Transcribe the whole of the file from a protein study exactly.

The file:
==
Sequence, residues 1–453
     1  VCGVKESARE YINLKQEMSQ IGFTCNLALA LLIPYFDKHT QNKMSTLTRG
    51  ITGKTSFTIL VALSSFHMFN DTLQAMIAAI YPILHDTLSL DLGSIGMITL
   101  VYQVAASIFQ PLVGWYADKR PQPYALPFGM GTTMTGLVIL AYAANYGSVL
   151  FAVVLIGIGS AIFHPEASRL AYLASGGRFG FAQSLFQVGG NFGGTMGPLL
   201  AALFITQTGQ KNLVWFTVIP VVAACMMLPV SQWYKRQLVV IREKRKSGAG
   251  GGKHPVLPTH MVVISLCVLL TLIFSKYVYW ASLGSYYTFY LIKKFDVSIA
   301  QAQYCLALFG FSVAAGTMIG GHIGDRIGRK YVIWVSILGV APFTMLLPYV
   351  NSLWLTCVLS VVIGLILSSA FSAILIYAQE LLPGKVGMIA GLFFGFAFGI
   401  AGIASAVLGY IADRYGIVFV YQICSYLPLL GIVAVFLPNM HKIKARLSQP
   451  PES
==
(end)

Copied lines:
Sequence, residues 1–453
     1  VCGVKESARE YINLKQEMSQ IGFTCNLALA LLIPYFDKHT QNKMSTLTRG
    51  ITGKTSFTIL VALSSFHMFN DTLQAMIAAI YPILHDTLSL DLGSIGMITL
   101  VYQVAASIFQ PLVGWYADKR PQPYALPFGM GTTMTGLVIL AYAANYGSVL
   151  FAVVLIGIGS AIFHPEASRL AYLASGGRFG FAQSLFQVGG NFGGTMGPLL
   201  AALFITQTGQ KNLVWFTVIP VVAACMMLPV SQWYKRQLVV IREKRKSGAG
   251  GGKHPVLPTH MVVISLCVLL TLIFSKYVYW ASLGSYYTFY LIKKFDVSIA
   301  QAQYCLALFG FSVAAGTMIG GHIGDRIGRK YVIWVSILGV APFTMLLPYV
   351  NSLWLTCVLS VVIGLILSSA FSAILIYAQE LLPGKVGMIA GLFFGFAFGI
   401  AGIASAVLGY IADRYGIVFV YQICSYLPLL GIVAVFLPNM HKIKARLSQP
   451  PES